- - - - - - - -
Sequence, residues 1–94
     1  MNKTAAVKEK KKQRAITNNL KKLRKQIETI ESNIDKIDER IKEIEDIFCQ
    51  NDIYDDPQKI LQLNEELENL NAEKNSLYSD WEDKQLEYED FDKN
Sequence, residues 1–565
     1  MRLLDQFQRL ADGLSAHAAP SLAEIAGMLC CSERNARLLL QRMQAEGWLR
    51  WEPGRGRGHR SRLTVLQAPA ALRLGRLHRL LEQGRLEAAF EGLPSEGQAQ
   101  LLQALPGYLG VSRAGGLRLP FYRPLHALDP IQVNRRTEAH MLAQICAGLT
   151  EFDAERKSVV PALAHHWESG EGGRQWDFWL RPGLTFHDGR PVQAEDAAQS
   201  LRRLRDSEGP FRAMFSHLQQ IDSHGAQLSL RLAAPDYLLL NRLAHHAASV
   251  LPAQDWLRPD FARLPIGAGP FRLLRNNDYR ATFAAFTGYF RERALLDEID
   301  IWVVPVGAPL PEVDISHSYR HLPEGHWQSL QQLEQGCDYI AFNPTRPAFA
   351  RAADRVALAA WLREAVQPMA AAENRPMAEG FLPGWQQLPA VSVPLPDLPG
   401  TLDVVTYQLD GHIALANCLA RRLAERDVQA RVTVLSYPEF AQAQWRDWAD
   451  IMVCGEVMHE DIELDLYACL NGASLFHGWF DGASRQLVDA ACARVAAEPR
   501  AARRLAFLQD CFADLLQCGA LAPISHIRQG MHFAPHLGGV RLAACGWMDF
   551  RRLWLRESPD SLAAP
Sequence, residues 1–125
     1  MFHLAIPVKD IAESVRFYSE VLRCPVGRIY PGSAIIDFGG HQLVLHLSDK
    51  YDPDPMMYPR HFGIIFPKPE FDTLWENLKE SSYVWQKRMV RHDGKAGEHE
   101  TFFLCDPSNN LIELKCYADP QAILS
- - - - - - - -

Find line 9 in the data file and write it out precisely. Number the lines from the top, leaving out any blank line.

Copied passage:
   201  LRRLRDSEGP FRAMFSHLQQ IDSHGAQLSL RLAAPDYLLL NRLAHHAASV